Consumers of left-wing media are well aware that America is an oligarchy, not a democracy. Everyone with a functioning cerebrum, in fact, should be aware of it by now: even mainstream political scientists recognize it, as shown by a famous 2014 study by Martin Gilens and Benjamin I. Page. Nevertheless, it is important to continue to publicize the oligarchical character of the United States, in order to delegitimize the institutions that have destroyed democracy (insofar as it ever existed) and inspire people to take action to restore it. Ron Formisano’s book American Oligarchy: The Permanent Political Class (2017) is a valuable contribution to this collective project.

Cuba: note for a balance sheet of ten years of reforms

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I. Since, at the end of 2007, Raúl Castro called for a broad national debate, ten years have passed. It was a kind of "social catharsis" of all the problems of the country. This fact can be marked as the beginning of a transformation process that has affected all the spaces of economic, political, social and subjective life in Cuba.

Marx, Our Contemporary

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No one should underestimate the changes in the social world occurring since Marx’s day, or overestimate to what extent we find ready-made answers to contemporary issues in his writings. Nonetheless, Marx’s analysis uncovers essential features and defining tendencies of capitalism far better than alternative frameworks.

Democracy and Ecological Crisis

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Last fall 15,000 scientists issued a second dire notice to humanity that we are on a collision course with the limits of our planet. They concluded, “To prevent widespread misery, humanity must practice a more environmentally sustainable alternative to business as usual,” including “reassess[ing]… the role of an economy rooted in growth.” That means that we have to challenge capitalism; there is no capitalism without growth. Rosa Luxemburg’s statement on the eve of World War I that the choice is between socialism or barbarism was never more true. But today our struggle is about our very existence.

Developing Marx’s Mode of Production Theory

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It is not surprising that Karl Marx is having a comeback today, after the 2008 financial crisis, the growing awareness of capitalism’s propensity to crises and ecological problems, and the fact that global inequality has increased to an obscene degree – all of which Marx foresaw.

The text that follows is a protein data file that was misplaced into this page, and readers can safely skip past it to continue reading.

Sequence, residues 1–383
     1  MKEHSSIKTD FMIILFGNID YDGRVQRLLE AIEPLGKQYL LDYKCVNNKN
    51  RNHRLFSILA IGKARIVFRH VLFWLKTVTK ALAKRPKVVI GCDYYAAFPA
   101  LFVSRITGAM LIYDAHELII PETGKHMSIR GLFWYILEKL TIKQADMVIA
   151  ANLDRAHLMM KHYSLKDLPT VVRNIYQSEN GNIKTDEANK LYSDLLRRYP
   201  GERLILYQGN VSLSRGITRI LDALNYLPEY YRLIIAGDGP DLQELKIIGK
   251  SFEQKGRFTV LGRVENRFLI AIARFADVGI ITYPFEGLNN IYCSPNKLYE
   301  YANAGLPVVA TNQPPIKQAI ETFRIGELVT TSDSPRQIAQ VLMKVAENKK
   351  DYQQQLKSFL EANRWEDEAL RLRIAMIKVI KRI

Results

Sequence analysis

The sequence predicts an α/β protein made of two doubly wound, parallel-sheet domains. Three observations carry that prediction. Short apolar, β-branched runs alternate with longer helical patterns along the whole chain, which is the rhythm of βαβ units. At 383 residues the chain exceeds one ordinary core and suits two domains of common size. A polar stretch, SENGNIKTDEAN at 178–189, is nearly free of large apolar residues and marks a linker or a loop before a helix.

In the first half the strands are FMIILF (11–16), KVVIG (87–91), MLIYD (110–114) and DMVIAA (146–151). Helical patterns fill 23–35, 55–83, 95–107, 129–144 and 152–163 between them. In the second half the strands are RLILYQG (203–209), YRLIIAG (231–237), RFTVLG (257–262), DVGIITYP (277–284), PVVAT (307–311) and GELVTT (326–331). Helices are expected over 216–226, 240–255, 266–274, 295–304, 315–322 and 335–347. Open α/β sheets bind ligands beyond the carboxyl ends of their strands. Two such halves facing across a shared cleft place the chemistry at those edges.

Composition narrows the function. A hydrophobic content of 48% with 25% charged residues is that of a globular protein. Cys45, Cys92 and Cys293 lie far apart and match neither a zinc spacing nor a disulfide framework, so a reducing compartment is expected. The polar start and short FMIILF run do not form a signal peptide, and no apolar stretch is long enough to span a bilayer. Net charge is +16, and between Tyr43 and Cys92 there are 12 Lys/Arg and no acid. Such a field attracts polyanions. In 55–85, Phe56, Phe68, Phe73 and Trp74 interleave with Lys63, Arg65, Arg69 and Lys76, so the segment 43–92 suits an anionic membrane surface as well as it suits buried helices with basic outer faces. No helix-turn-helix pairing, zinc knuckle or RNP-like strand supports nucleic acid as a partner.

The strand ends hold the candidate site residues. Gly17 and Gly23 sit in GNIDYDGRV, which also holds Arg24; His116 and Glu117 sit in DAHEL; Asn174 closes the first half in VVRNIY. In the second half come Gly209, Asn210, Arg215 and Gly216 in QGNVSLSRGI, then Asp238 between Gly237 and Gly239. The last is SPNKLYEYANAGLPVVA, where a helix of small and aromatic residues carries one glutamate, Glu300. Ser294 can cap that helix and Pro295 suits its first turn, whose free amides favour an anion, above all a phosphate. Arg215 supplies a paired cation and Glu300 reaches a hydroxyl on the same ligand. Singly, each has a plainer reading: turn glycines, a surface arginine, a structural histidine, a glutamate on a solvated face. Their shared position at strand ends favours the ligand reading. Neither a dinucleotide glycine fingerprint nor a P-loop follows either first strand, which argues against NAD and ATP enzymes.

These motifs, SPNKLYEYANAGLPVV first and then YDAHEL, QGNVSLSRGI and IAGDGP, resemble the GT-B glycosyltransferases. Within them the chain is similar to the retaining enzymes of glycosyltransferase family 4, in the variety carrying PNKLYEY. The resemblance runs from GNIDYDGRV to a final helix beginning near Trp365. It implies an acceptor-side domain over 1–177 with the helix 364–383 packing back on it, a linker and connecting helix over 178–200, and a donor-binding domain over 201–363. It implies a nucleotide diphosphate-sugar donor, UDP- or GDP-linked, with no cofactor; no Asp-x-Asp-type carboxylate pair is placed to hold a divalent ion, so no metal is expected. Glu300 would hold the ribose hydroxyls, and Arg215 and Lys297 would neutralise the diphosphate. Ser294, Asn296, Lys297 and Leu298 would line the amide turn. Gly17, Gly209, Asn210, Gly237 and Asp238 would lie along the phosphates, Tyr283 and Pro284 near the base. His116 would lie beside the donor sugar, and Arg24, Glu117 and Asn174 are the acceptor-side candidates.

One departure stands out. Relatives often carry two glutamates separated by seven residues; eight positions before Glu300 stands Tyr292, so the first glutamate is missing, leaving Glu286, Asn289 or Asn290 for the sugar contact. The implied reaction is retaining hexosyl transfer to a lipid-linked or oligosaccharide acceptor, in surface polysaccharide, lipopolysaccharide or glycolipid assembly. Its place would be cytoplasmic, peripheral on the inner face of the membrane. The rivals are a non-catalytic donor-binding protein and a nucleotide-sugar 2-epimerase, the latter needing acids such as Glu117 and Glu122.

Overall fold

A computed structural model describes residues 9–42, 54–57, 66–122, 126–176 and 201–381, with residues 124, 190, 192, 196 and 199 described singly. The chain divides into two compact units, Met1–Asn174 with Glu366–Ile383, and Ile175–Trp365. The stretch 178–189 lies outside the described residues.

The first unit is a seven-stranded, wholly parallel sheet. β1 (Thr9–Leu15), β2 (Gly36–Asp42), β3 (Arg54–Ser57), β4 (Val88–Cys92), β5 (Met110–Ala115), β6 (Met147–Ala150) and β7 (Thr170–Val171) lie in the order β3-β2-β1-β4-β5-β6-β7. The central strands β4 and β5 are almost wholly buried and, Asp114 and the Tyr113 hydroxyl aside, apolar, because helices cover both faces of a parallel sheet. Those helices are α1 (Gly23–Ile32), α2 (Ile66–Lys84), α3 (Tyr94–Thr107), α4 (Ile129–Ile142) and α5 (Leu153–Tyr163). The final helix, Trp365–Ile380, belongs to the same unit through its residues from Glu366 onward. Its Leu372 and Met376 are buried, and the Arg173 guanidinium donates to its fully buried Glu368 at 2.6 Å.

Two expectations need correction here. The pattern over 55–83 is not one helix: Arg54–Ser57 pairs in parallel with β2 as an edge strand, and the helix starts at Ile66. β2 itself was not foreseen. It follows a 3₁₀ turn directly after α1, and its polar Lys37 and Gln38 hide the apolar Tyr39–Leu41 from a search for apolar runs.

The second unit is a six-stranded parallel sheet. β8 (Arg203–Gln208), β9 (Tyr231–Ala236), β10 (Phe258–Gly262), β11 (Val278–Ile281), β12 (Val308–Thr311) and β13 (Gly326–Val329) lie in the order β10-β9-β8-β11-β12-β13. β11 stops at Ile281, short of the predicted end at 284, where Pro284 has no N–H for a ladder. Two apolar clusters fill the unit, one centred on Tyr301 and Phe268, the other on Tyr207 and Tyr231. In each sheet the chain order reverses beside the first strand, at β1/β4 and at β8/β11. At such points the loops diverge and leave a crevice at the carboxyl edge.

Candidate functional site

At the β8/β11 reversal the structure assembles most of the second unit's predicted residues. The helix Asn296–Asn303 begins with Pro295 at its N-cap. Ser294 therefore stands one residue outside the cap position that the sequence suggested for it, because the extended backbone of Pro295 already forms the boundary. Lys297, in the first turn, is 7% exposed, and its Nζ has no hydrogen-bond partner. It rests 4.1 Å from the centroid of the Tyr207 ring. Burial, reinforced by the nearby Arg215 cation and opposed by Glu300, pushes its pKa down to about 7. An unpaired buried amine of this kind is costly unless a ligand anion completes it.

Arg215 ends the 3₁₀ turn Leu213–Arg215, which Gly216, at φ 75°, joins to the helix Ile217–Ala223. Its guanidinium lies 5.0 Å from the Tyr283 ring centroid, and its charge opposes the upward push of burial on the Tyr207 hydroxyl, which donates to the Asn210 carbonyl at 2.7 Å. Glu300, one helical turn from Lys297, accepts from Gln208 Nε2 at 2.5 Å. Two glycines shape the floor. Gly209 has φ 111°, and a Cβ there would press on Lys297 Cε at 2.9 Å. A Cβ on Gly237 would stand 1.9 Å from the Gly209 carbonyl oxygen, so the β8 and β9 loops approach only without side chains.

The Vision of the New Society in Marx’s "Capital"

ImageMarx’s Capital has been heralded for many things, but providing an exhaustive account of a future socialist society isn’t one of them.

Why class still matters: a reply to Paul Mason

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This article is a response to Paul Mason’s recent essay ‘Labour must become the party of people who want to change the world, not just Britain’, in which he argues that there can no longer be any privileged position for organised labour as an agent of socialist change. This reply will respond to that question specifically, leaving aside some other aspects of Mason’s essay, and argue that the working class remains the key strategic actor for overhauling capitalism.

Marx This Time

On the return of a Marxist political economy

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The path taken by political life around the globe since the end of the Cold War appears as if designed to crush the liberal optimism with which this period excitedly began. The rise of Islamic fundamentalism manifestly disturbs a concept of peace understood in terms of sovereign states. Economic disquiet persists nearly a decade after a financial crisis highlighted the epochal decline that had occurred in the world economy after the post-Second World War growth boom. American populism has seized the allegiance of vast masses, led to a spontaneous storming of Wall Street, emboldened proud neo-Nazis to take to the streets, and wracked the nerves of liberals at home and abroad as it saw Donald Trump descend an ill-advisedly gaudy escalator to the White House.

review

The Misrule of Global Capitalism

      Social Inequality is not for the faint-hearted. It covers the major political-economic issues of our time, from the structural changes in the economics of capitalism, to class structure, the imperialist state, and the distortions of capitalist culture. The author, a veteran scholar-activist of the New Left generation who now lives in Costa Rica,1 ends with a plea for resistance to our oligarchic “hegemon” and suggests a series of tactics to help us on the road.

review

Keynes, the Rabble, and Revolution

     IN 1942 British economist John Maynard Keynes got an advance preview of Lord William Beveridge’s report, Social Insurance and Allied Services. In it, Beveridge proposed a comprehensive system of social security that ran the gamut from full employment to national health care so as to eliminate “Want, Disease, Ignorance, Squalor, and Idleness” from the United Kingdom.

It's Still Fried Ice: On "Market Socialism"

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In “Our Road to Power,” an article from the most recent issue of Jacobin, Vivek Chibber makes some very familiar arguments about socialism and “central planning.” One hardly has to quote him—they’ve been repeated many times since Alec Nove’s The Economics of Feasible Socialism appeared in 1983.